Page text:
The girls are intent on their project. The blocks are cumbersome and heavy but they are determined. Despite the restrictions of the princess gowns some are wearing they stack the blocks higher and higher. “What are you building?” I ask. ” A princess tower” they respond. Of course, what else would princesses build?
Once the blocks are arranged to the mutual satisfaction of all the princesses, they begin to climb. But the blocks are unsteady, wobbly, and princess dresses get in the way. Princess shoes add to the challenge. As Kayla climbs she holds out her hand to me to steady herself …..but I keep my hands at my sides and back away. It’s hard to back away from a kid asking for help, it doesn’t come naturally. I really do want to help, and I love holding kid’s hands and will usually grab the opportunity (pun intended!)
But I have been watching kids take risks, riding bikes down a ramp, climbing up the slide, jumping to reach the overhead ladder on the outdoor climber, and I’ve observed that kids will judge risk pretty well when left on their own. Most kids will only try what they feel comfortable trying.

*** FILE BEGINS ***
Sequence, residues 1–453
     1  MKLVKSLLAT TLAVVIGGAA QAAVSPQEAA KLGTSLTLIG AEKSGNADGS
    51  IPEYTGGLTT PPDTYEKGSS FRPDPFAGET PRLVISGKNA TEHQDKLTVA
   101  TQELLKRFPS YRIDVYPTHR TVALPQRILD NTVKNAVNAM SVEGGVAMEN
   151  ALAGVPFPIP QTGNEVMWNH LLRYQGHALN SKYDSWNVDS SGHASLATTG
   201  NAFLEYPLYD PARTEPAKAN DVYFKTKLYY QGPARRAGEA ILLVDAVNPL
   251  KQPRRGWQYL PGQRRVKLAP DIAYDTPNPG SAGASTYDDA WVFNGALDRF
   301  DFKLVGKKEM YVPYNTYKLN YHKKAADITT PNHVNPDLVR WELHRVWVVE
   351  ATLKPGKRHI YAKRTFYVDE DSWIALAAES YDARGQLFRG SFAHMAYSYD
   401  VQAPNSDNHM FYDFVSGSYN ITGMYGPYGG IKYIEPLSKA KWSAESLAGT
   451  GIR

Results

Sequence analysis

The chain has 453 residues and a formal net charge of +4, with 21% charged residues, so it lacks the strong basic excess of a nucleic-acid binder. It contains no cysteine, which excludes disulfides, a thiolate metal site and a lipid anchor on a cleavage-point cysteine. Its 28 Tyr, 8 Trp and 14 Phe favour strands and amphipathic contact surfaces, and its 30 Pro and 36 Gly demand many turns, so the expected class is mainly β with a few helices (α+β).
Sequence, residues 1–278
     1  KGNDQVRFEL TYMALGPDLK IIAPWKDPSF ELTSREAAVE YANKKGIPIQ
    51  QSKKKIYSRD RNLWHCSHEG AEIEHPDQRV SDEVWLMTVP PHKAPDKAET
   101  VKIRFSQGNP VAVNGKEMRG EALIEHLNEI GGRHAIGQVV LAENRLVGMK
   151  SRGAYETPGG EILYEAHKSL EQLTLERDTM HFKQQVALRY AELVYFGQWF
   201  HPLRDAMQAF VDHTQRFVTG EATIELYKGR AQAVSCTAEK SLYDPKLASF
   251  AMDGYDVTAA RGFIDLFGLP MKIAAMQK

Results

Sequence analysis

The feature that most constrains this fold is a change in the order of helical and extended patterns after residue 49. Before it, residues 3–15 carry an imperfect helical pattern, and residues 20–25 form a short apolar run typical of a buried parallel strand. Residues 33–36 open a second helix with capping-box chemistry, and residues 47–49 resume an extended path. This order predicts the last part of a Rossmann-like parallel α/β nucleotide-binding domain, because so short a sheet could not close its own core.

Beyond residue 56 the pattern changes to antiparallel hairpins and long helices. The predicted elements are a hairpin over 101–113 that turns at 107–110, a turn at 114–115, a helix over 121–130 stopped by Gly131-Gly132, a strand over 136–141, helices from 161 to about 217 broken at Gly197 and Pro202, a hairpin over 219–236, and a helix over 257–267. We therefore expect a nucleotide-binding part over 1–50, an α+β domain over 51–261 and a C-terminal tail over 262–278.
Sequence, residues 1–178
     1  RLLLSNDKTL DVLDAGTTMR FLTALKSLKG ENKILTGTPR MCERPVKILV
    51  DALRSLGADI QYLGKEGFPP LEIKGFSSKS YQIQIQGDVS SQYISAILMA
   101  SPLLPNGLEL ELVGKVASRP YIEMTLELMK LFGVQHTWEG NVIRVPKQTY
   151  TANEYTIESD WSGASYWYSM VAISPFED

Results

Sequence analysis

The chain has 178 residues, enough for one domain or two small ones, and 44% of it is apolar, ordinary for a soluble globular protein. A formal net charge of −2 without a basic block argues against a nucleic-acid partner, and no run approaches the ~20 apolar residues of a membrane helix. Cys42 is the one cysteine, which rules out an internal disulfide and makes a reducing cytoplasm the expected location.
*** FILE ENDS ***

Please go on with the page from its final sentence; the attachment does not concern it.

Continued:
The oh-so-wise Deb Curtis observes: ” I have discovered that the children usually pursue only the challenges that are within their abilities, using caution and remarkable problem-solving strategies. I have come to see that if I stay close to intervene if necessary, observe to get to know individual children’s dispositions and skills, I can make sure I keep them safe while supporting their instinctive drive to challenge themselves and gain new competence. There is great reward in watching the children’s unwavering determination and seeing their elated faces when they accomplish something they have worked so hard on.”
And the princesses made it to the top of their tower, high heels and all.